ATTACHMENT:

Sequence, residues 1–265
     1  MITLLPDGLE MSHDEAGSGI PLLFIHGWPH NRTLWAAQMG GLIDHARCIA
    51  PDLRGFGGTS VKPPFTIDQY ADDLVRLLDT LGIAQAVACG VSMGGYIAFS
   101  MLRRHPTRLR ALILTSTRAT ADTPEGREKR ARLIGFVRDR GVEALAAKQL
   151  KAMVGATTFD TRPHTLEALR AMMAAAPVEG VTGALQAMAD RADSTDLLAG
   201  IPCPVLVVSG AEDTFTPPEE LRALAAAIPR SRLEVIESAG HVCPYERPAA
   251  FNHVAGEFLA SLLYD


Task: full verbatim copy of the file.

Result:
Sequence, residues 1–265
     1  MITLLPDGLE MSHDEAGSGI PLLFIHGWPH NRTLWAAQMG GLIDHARCIA
    51  PDLRGFGGTS VKPPFTIDQY ADDLVRLLDT LGIAQAVACG VSMGGYIAFS
   101  MLRRHPTRLR ALILTSTRAT ADTPEGREKR ARLIGFVRDR GVEALAAKQL
   151  KAMVGATTFD TRPHTLEALR AMMAAAPVEG VTGALQAMAD RADSTDLLAG
   201  IPCPVLVVSG AEDTFTPPEE LRALAAAIPR SRLEVIESAG HVCPYERPAA
   251  FNHVAGEFLA SLLYD